The Wallops Beach Station in Virginia needs someone willing to take and move the structures from the NASA Wallops Flight Facility. Both the station and the tower could be yours. NASA will demolish the structure in 2021 to reduce their mandated allotted square footage, but there is still time. If someone is interested in moving these structures please contact:

Steve Taylor
Realty Specialist
NASA Wallops Flight Facility
Bldg N-161, Rm 135
Work: 757-824-1194
Cell: 503-317-0073

Historical Photos of the Bandon, Oregon Station

Bandon, Oregon Life-Saving Station circa 1911 Mary Schamehorn Collection

Powerboat Definace on Bandon Beach Mary Schamehorn Collection

Historic photos with short descriptions were sent my way on the Bandon, Oregon Life-Saving Station, including the arrival of a very important boat to the local station.
Local Journalist Mary Schamehorn writes from an earlier account of the event and includes photos from her collection:
I never realized what an important role the local harbor played in the early days of shipping until I found an article in the Oct. 6, 1911, Bandon Recorder headlined “Many Vessels come to the Coquille River.” The subhead read: “The Largest Fleet of any Port Between San Francisco and the Columbia River,” as the article talked about the 26 vessels plying in and out of the Coquille River and the total carrying capacity of those ships.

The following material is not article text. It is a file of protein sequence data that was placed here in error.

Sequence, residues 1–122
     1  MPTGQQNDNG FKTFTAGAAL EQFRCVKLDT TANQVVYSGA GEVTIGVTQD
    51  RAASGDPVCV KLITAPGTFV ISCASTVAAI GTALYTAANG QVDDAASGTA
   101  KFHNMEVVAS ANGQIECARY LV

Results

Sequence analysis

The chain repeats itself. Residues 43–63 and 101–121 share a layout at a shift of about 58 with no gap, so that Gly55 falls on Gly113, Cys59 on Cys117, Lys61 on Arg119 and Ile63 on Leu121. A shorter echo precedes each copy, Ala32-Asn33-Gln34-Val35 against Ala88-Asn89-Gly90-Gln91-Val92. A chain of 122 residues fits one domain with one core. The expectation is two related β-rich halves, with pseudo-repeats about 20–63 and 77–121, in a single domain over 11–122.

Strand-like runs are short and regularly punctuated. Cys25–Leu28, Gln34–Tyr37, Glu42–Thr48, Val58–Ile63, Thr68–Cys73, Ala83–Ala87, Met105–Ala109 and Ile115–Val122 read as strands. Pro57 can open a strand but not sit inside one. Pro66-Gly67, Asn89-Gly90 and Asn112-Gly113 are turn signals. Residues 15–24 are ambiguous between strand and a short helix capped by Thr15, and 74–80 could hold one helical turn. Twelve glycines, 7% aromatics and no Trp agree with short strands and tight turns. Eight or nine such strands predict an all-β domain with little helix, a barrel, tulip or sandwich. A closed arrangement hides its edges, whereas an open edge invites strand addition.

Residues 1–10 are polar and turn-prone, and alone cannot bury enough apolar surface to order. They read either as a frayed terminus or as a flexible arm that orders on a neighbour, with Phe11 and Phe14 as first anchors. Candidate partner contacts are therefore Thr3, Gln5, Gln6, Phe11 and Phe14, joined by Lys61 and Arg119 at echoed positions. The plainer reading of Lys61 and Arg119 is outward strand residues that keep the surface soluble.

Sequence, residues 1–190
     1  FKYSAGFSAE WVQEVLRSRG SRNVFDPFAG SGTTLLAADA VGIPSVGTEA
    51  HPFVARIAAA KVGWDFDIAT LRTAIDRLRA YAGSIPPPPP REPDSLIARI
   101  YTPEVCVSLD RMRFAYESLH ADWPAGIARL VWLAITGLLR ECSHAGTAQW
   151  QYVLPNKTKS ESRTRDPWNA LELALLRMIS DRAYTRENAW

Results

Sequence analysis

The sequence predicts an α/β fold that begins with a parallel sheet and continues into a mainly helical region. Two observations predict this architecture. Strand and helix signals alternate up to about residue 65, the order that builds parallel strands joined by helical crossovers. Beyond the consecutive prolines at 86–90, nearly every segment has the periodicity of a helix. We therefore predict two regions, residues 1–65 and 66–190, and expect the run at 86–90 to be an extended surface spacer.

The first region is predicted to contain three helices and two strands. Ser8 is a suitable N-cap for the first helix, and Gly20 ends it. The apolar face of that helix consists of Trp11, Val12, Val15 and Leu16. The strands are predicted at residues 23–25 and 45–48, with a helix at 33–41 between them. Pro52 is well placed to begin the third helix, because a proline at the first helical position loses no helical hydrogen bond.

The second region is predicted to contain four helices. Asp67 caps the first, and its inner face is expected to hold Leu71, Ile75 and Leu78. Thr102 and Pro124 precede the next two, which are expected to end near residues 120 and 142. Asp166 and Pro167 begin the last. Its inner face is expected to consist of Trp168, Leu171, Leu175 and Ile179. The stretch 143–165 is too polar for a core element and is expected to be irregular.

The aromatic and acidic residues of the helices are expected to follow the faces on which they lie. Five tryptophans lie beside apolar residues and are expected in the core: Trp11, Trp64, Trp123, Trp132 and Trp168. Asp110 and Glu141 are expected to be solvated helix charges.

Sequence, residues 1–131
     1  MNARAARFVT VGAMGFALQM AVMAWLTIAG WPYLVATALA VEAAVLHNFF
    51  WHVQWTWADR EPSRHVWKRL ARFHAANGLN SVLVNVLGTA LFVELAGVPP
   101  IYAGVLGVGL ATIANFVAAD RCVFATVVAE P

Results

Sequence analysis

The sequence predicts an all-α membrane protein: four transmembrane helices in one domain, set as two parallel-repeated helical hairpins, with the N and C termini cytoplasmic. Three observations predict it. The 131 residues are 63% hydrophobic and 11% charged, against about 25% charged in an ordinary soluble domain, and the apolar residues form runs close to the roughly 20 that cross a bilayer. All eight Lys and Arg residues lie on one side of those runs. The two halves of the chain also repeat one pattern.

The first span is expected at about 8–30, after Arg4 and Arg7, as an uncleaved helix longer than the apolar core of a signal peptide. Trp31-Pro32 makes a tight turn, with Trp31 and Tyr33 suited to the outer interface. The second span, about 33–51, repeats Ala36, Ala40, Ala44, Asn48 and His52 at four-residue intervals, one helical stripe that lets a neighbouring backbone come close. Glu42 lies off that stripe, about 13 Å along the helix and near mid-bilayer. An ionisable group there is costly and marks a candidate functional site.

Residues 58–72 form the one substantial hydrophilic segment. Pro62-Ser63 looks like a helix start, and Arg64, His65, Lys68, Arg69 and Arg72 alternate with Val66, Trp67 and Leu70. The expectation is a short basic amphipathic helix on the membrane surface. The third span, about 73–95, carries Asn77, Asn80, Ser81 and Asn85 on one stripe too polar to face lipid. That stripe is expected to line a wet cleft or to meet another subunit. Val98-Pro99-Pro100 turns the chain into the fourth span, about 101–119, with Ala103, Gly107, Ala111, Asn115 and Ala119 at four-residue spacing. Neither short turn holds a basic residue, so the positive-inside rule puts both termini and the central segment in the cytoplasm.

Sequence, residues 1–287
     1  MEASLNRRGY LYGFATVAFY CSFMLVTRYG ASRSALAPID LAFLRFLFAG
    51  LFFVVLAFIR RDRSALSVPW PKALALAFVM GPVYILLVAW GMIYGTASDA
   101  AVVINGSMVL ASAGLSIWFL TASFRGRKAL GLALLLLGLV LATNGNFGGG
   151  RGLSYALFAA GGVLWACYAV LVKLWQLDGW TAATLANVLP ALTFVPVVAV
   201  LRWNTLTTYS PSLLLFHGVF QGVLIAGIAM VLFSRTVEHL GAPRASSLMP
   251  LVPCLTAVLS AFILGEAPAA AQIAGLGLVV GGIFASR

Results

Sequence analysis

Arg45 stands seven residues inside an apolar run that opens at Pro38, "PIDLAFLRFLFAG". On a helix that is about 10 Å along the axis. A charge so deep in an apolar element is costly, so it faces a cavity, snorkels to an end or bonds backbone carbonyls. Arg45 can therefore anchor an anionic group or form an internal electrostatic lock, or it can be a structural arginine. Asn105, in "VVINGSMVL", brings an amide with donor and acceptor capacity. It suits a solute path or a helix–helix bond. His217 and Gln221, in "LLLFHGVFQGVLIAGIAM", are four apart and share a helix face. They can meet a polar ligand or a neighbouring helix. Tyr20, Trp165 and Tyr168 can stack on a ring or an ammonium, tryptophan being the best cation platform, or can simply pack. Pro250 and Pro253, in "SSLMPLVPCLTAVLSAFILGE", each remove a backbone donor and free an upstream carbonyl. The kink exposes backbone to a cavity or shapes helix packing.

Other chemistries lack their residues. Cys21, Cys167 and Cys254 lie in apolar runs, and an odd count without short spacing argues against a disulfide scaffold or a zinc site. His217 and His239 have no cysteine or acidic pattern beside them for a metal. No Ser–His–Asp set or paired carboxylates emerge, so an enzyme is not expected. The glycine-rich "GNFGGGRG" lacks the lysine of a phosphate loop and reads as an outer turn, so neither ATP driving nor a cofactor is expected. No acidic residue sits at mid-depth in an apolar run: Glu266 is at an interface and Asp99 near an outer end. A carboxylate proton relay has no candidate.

That is why it makes sense that the government would send one of their top power boats to the local life-saving station in the form of the Defiance.
The Jan. 2, 1912, Bandon Recorder had this to say, in a top front-page article. “The new power life boat for the U.S. Life Saving Station arrived on the (Steamer) Bandon this morning, and she is certainly a beauty. She is 36 feet long, has a 40 horse power engine and is calculated to ride most any kind of a sea.